Celebrate Women’s History Month with these five middle school books about daring and courageous women often overlooked by history.
The Girl Who Drew Butterflies: How Maria Merian’s Art Changed Science
Written by Joyce Sidman
Known by some as the world’s first ecologist, Maria Sibylla Merian was one of the first to document the metamorphosis of the butterfly. As a woman with no formal training in the seventeenth-century, Maria Merian’s drawings of insects changed science forever.
Irena’s Children: Young Readers Edition; A True Story of Courage
Written by Tilar J. Mazzeo and adapted by Mary Cronk Farrell
This incredible true story follows a heroic tale of survival and perseverance by one woman overlooked by history. Known as the “female Oskar Schindler,” Irena Sendler saved over 2,500 children from Nazi-occupied Poland during World War II. Living in Warsaw, Sendler smuggled children out of the walled Jewish ghetto and convinced others to help hide them in abandoned buildings.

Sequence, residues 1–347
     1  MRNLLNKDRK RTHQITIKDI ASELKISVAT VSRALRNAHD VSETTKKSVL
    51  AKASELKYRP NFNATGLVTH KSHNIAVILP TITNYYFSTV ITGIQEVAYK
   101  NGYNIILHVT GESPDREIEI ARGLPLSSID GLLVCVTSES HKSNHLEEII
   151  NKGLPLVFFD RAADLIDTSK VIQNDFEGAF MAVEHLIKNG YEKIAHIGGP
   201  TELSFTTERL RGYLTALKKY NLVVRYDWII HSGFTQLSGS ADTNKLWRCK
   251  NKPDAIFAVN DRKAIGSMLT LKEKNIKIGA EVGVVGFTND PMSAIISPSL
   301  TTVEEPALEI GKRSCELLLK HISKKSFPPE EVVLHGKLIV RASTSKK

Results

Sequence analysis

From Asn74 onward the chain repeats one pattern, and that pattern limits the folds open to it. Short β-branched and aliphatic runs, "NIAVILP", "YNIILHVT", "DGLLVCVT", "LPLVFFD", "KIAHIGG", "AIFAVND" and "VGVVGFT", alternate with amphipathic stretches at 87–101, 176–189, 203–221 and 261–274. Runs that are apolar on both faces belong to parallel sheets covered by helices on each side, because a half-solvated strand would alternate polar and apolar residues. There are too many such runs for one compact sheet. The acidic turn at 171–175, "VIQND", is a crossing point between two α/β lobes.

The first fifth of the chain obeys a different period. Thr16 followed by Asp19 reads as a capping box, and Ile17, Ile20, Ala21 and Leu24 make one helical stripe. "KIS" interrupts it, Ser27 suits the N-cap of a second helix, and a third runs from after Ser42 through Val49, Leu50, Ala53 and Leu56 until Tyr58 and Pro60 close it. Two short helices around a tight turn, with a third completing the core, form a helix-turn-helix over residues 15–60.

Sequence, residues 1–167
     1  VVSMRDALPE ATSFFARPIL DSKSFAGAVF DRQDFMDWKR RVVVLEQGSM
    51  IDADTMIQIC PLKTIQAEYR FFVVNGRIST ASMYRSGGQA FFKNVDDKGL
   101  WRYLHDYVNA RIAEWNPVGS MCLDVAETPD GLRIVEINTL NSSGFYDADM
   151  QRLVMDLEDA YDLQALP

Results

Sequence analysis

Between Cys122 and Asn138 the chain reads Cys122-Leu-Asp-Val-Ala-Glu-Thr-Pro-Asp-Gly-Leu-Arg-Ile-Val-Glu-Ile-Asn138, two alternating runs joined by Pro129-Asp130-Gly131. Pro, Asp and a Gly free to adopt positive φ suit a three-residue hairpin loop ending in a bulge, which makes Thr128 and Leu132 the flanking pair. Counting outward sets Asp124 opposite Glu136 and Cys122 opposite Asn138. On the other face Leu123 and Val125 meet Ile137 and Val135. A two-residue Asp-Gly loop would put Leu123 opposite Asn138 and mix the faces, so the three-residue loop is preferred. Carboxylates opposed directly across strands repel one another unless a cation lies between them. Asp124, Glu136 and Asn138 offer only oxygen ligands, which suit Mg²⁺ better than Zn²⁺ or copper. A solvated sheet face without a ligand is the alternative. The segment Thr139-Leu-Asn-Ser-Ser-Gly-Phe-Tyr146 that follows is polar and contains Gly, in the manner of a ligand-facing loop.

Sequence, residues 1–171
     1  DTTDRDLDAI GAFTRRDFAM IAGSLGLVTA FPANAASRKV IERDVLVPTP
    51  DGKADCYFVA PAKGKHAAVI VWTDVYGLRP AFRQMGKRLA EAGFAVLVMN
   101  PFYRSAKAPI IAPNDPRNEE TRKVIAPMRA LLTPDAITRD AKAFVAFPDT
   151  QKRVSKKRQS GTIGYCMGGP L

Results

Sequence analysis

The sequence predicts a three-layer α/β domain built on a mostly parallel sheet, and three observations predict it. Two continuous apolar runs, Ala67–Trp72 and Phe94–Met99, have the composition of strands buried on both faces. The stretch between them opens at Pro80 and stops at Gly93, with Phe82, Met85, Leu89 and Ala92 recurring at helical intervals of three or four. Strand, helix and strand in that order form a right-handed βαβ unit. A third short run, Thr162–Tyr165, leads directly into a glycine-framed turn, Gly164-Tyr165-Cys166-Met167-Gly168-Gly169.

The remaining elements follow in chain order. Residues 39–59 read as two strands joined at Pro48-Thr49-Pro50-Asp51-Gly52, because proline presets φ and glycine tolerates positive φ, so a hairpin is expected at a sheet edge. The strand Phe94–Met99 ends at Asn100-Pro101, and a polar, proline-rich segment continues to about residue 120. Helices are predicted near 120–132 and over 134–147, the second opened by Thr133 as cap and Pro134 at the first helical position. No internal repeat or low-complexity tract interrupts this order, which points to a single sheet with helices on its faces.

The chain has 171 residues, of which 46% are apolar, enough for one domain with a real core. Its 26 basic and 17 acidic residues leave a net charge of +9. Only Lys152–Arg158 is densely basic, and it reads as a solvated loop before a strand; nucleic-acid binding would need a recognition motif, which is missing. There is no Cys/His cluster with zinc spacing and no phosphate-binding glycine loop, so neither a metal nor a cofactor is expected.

The Jerrie Mock Story: The First Woman to Fly Solo Around the World
Written by Nancy Roe Pimm
Geraldine “Jerrie” Mock became the first woman to fly solo around the world in a trip that covered almost twenty-three thousand miles. While Mock accomplished what Amelia Earhart had died attempting, world events cast her impressive feat into shadow.
Streetcar to Justice: How Elizabeth Jennings Won the Right to Ride in New York
Written by Amy Hill Hearth
Before there was Claudette Colvin or Rosa Parks, there was Elizabeth Jennings. Jennings launched the first step in the process of desegregating public transportation in Manhattan when she was refused a seat on a streetcar in 1854 and took it anyway.
Ten Days a Madwoman: The Daring Life and Turbulent Times of the Original “Girl” Reporter, Nellie Bly
Written by Deborah Noyes
At the end of the nineteenth century, Nellie Bly was committed to the infamous asylum on Blackwell’s island, but she was not there for treatment. Instead, she was there to investigate the clinic’s treatment of its patients.